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Women Workers in the Maquiladoras and the Debate on Global Labor Standards

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  • Edme Dominguez
  • Rosalba Icaza
  • Cirila Quintero
  • Silvia Lopez
  • Åsa Stenman

Abstract

This paper represents a collective contribution to an ongoing debate on the benefits and disadvantages of export-based, industrial jobs for women as well as on the implications of global labor standards on these types of jobs. On the basis of extensive research on women in Mexico's and Central America's maquiladoras (assembly plants that produce export goods), this paper aims to problematize the viewpoints that present export-based, industrial jobs as dignified alternatives for women in the South and to question the skepticism about global labor standards as a possible alternative for improving work conditions in all sectors producing for export. In so doing, the paper stresses three interrelated issues: a) the relevance of local and regional contexts that inform diverse industrialization paths over time, b) the agency the women workers represent, and c) the legal instruments already existent in our common efforts to improve working conditions.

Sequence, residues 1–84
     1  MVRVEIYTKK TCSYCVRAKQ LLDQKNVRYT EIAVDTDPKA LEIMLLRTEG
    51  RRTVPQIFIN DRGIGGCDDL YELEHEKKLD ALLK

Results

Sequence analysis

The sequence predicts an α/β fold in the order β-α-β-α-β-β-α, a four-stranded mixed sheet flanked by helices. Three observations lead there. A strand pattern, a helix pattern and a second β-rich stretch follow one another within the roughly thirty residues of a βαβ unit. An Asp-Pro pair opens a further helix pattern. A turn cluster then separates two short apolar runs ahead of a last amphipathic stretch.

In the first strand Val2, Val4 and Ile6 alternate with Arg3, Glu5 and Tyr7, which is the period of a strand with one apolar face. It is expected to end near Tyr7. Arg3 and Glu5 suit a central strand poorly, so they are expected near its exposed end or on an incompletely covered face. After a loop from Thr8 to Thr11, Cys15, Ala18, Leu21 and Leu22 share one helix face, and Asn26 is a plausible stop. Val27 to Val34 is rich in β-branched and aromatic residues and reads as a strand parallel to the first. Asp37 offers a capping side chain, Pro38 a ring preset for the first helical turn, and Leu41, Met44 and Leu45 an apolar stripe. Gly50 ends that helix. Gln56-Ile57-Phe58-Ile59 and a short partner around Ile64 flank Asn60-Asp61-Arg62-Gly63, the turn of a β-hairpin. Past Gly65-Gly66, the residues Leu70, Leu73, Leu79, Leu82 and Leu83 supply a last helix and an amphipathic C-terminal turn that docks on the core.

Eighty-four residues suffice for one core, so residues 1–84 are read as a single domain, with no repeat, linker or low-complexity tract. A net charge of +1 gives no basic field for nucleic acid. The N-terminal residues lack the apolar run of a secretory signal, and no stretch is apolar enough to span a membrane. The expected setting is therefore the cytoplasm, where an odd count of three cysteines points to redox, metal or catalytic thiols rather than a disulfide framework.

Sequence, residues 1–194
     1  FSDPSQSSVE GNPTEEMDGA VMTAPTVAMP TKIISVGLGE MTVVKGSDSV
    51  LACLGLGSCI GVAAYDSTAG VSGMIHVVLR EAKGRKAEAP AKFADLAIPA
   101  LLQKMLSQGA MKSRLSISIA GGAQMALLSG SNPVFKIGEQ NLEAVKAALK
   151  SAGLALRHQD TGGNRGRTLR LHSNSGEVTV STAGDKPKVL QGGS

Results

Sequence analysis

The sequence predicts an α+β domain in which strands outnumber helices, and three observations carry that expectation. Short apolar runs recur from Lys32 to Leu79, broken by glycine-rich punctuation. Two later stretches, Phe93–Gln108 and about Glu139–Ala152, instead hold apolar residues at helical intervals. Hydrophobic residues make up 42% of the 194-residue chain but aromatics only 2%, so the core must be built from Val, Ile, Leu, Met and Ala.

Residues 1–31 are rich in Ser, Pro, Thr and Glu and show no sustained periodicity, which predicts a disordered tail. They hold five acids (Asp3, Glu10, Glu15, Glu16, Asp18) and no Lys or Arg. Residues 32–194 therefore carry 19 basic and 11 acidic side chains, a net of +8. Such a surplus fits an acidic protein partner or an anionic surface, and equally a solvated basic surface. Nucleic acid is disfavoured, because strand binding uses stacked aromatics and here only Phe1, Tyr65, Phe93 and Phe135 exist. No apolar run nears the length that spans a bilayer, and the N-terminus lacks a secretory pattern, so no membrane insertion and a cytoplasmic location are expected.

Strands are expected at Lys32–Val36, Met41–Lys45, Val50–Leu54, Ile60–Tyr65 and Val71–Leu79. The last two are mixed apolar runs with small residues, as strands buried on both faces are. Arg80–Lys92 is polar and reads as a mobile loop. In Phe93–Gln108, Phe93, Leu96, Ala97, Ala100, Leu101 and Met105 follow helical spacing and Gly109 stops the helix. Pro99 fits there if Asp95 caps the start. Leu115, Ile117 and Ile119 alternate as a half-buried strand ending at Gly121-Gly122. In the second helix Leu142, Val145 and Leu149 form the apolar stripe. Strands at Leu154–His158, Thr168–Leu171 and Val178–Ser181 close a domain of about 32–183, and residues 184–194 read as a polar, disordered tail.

Suggested Citation

  • Edme Dominguez & Rosalba Icaza & Cirila Quintero & Silvia Lopez & Åsa Stenman, 2010. "Women Workers in the Maquiladoras and the Debate on Global Labor Standards," Feminist Economics, Taylor & Francis Journals, vol. 16(4), pages 185-209.
  • Handle: RePEc:taf:femeco:v:16:y:2010:i:4:p:185-209 DOI: 10.1080/13545701.2010.530603
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    References listed on IDEAS

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    9. Hoddinott, John & Haddad, Lawrence, 1995. "Does Female Income Share Influence Household Expenditures? Evidence from Cote d'Ivoire," Oxford Bulletin of Economics and Statistics, Department of Economics, University of Oxford, vol. 57(1), pages 77-96, February.
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    Cited by:

    1. John Anyanwu, 2014. "Working Paper 201 - Does Intra-African Trade Reduce Youth Unemployment in Africa ?," Working Paper Series 2107, African Development Bank.

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